NEW YORK - First the University of Calgary announced plans to offer a class in writing computer viruses and other destructive programs. Then Wired magazine published the code of a virus-like program that caused mass havoc on the Internet this year.

Both developments infuriated virus-fighting companies and illustrated the highstakes dilemma of computer security: Do you keep vulnerabilities secret or spread the knowledge so problems can be remedied faster?

The antivirus industry is squarely in the first camp.

Dave Perry, director of education at Trend Micro, considers the article in Wired detailing the Slammer worm a cheap grab for attention with no educational or ethical justification. He likened it to pornography, saying its publication could loosen the standards of acceptable behavior in the computer world.

Slammer infected more than 75,000 computers within 10 minutes on Jan. 25. It slowed down the Internet worldwide, freezing up major Web sites and even bringing down some ATM systems.

Chris Anderson, Wired’s editor in chief, said the article is a public service that demonstrates the Internet’s ‘‘extraordinary vulnerability to that kind of attack.’’

The code for the worm, whose author has not been identified or caught, has been available online since the attack, but it hasn’t been dissected in a major publication.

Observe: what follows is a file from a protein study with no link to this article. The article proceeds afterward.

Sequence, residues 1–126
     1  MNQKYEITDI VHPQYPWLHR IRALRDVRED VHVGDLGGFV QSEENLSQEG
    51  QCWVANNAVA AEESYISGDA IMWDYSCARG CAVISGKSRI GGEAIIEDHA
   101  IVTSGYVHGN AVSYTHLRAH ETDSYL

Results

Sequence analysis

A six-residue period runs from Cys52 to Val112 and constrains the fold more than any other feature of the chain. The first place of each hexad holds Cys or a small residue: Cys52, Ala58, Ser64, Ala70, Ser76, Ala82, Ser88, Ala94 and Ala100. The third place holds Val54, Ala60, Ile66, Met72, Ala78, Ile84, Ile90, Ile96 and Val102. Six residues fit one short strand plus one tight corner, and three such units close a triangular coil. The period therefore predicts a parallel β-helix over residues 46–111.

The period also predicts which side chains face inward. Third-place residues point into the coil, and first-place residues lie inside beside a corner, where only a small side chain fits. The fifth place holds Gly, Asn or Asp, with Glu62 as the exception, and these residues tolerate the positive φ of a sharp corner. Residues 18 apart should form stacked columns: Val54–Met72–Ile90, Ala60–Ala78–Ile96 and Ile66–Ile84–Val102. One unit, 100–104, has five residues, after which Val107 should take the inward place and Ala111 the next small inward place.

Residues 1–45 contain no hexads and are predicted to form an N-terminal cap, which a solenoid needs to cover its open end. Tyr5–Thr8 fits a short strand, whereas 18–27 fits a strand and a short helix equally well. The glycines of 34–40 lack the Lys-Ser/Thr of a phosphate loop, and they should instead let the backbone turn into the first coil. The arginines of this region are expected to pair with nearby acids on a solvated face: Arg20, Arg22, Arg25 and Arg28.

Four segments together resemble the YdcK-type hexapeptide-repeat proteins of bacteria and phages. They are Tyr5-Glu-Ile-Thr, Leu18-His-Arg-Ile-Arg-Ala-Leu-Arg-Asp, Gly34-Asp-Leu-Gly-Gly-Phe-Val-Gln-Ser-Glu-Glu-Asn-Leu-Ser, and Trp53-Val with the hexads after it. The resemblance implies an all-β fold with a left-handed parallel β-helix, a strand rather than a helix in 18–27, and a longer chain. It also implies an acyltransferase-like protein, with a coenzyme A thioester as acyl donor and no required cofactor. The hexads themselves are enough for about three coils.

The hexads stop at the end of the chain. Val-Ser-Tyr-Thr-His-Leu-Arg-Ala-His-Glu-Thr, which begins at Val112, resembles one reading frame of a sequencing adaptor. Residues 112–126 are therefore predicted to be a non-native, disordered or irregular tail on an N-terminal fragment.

Still, even Perry acknowledged that the risk was small that the article could enable someone who was not already an adept programmer to create a new virus.

Slammer itself was based on a flaw in Microsoft code publicized by a researcher months earlier.

Microsoft had issued a patch for the vulnerable software, which runs corporate databases, but many administrators had failed to apply it.

With the Wired article’s line-by-line analysis of how the worm worked, Anderson said he hoped to diminish the knowledge gap between virus-writers and virus-fighters.

‘‘The people who understand them the best tend to be on the releasing side, whereas those who are on the protecting side should understand them the best,’’ he said, echoing the rationale for the Canadian university’s virus-writing class.

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